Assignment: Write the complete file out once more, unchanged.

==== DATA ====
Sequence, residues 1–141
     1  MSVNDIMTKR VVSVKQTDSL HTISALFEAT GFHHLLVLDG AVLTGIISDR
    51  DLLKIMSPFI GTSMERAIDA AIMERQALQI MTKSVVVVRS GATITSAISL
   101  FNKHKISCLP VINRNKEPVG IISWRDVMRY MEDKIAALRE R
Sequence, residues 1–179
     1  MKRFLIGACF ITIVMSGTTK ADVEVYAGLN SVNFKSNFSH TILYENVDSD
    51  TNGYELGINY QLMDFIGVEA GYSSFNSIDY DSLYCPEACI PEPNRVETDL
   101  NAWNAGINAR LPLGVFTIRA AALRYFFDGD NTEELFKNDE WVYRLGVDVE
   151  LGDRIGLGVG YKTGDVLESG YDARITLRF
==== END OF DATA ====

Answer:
Sequence, residues 1–141
     1  MSVNDIMTKR VVSVKQTDSL HTISALFEAT GFHHLLVLDG AVLTGIISDR
    51  DLLKIMSPFI GTSMERAIDA AIMERQALQI MTKSVVVVRS GATITSAISL
   101  FNKHKISCLP VINRNKEPVG IISWRDVMRY MEDKIAALRE R
Sequence, residues 1–179
     1  MKRFLIGACF ITIVMSGTTK ADVEVYAGLN SVNFKSNFSH TILYENVDSD
    51  TNGYELGINY QLMDFIGVEA GYSSFNSIDY DSLYCPEACI PEPNRVETDL
   101  NAWNAGINAR LPLGVFTIRA AALRYFFDGD NTEELFKNDE WVYRLGVDVE
   151  LGDRIGLGVG YKTGDVLESG YDARITLRF